The darker the color, the more favorable the climate conditions are for survival. The outlined areas represent approximate current range for each season. More on reading these maps.
By 2080, this great icon of the north is forecast to lose 56 percent of its current summer range and 75 percent of its current winter range, according to Audubon’s climate model. In both seasons the potential to shift northwards in a warming climate is significant. While the bird may be able to keep pace with the rapidly changing world, it looks all but certain that Minnesota will lose its iconic loons in summer by the end of the century.
Are the projected range maps different from the range maps in field guides? Find the answer here.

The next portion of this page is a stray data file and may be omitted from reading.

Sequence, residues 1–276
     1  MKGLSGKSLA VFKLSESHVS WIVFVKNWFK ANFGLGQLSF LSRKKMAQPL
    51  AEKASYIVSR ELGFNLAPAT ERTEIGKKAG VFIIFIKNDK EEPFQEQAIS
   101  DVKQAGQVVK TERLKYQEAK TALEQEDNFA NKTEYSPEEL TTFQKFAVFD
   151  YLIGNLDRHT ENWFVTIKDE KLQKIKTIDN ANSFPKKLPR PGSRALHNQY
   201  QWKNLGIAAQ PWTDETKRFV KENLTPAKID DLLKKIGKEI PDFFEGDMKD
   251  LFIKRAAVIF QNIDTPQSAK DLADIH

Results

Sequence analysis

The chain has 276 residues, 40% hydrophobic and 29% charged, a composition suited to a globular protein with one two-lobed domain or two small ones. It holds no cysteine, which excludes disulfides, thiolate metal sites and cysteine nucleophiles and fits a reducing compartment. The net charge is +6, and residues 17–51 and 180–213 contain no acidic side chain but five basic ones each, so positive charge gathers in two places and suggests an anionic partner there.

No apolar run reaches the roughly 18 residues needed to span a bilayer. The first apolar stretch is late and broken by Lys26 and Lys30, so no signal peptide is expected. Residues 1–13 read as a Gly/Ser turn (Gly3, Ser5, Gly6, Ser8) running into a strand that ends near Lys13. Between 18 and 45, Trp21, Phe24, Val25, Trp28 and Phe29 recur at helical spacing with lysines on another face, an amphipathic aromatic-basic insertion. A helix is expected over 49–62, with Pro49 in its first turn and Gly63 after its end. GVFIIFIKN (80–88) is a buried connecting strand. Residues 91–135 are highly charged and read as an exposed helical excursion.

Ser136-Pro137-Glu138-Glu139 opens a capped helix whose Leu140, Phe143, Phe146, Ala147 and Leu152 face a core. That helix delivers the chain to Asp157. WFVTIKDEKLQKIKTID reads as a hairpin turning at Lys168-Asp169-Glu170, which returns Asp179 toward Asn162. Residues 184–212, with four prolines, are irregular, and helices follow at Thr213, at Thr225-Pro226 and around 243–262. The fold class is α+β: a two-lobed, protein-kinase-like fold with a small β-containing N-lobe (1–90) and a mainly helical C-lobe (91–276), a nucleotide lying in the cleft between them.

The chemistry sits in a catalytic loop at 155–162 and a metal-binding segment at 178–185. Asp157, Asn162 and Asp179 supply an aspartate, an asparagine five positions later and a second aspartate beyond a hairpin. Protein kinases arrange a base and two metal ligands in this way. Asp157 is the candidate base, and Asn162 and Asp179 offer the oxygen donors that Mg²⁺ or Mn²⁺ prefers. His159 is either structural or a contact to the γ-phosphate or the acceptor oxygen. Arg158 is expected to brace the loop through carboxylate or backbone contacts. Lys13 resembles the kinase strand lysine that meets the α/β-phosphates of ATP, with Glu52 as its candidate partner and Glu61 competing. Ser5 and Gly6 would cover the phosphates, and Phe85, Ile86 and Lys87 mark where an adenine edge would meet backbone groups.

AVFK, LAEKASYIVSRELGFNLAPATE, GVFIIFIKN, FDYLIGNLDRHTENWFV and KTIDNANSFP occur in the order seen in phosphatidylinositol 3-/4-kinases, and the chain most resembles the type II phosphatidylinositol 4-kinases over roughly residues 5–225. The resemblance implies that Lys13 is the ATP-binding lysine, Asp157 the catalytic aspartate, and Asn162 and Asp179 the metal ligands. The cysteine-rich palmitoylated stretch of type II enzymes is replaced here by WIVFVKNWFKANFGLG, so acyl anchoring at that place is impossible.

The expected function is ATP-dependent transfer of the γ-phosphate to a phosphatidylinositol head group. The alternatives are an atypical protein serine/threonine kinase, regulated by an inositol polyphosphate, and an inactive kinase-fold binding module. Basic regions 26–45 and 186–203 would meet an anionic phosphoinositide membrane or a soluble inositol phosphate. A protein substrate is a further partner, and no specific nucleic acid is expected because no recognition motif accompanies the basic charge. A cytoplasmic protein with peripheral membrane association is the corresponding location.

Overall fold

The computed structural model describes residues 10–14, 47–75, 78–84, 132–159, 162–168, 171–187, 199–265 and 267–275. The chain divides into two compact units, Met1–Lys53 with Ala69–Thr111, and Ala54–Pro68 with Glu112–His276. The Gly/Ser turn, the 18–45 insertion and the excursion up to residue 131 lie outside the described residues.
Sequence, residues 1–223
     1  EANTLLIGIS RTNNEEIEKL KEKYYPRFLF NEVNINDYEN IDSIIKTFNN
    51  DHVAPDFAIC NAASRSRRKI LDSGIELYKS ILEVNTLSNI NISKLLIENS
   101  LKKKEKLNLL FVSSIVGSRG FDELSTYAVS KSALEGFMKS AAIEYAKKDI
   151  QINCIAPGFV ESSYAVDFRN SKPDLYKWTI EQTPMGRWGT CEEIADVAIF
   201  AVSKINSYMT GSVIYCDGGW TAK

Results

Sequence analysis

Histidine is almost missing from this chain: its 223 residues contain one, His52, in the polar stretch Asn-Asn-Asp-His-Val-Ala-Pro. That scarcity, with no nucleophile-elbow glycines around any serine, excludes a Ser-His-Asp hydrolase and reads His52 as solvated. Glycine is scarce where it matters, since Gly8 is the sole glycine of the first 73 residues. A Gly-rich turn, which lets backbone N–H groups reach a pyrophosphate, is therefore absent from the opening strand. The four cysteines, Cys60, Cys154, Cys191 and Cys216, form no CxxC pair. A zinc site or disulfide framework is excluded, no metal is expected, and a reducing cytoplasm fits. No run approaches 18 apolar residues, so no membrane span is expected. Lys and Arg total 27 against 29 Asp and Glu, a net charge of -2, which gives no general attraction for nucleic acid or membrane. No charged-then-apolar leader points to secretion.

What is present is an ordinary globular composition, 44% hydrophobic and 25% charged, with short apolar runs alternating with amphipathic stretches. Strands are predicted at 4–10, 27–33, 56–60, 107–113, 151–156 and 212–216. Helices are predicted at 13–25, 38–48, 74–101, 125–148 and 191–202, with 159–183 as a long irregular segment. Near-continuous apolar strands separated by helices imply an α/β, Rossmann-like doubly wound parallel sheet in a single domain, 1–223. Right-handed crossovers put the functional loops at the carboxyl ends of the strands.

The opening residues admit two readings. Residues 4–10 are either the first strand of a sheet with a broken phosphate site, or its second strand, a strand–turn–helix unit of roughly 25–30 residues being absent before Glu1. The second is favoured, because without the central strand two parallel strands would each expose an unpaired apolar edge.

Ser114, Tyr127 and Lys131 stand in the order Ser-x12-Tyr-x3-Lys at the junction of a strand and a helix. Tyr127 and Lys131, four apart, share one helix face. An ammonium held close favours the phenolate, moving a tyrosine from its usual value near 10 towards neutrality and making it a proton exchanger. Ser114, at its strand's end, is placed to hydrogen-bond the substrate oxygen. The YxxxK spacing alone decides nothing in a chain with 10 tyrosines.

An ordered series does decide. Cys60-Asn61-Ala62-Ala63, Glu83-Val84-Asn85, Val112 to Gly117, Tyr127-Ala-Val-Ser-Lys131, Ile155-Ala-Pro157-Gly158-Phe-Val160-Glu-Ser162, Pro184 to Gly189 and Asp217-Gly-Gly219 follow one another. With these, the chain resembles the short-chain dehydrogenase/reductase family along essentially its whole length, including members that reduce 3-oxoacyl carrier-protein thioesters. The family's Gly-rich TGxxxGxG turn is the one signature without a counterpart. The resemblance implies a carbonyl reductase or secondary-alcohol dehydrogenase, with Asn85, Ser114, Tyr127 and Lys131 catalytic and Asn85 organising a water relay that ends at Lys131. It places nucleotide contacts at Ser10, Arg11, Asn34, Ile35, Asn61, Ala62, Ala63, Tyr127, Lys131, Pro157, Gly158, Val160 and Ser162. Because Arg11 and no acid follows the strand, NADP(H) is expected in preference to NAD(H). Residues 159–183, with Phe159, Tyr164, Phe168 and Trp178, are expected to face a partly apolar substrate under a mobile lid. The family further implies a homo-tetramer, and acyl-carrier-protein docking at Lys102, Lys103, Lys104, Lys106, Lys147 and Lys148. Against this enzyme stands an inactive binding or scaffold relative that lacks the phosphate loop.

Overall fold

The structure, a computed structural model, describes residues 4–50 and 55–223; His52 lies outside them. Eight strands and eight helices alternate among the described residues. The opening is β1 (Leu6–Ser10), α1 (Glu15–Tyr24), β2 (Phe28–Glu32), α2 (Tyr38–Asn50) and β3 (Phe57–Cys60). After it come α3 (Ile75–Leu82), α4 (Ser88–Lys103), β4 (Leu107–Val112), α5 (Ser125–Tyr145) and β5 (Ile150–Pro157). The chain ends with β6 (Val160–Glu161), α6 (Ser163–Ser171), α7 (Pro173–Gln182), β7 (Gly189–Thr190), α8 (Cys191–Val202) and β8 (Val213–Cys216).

With its brilliant red eyes and haunting call, the Common Loon is one of the most recognizable water birds in North America. A denizen of freshwater systems in the summer, it breeds throughout most of Canada and some parts of the northern United States, and migrates south along both the eastern and western North American shorelines each winter. It prefers large, clear lakes in the summer and for parts of its migration, the better to spot fish, and is mostly found on ocean waters in the winter. An expert diver, it uses its large, webbed feet to propel itself after prey, which it often swallows while still underwater. The loon often gathers in clusters, sleeping in large groups at night and foraging together during the day.